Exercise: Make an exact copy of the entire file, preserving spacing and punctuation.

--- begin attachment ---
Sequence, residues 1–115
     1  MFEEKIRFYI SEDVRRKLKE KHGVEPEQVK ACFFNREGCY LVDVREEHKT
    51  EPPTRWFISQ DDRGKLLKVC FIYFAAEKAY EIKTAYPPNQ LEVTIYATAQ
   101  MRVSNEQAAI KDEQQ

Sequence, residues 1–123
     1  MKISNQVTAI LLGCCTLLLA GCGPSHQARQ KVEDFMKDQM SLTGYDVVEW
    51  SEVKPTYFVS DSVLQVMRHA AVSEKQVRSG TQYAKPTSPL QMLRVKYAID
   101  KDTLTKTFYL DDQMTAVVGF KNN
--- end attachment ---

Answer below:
Sequence, residues 1–115
     1  MFEEKIRFYI SEDVRRKLKE KHGVEPEQVK ACFFNREGCY LVDVREEHKT
    51  EPPTRWFISQ DDRGKLLKVC FIYFAAEKAY EIKTAYPPNQ LEVTIYATAQ
   101  MRVSNEQAAI KDEQQ

Sequence, residues 1–123
     1  MKISNQVTAI LLGCCTLLLA GCGPSHQARQ KVEDFMKDQM SLTGYDVVEW
    51  SEVKPTYFVS DSVLQVMRHA AVSEKQVRSG TQYAKPTSPL QMLRVKYAID
   101  KDTLTKTFYL DDQMTAVVGF KNN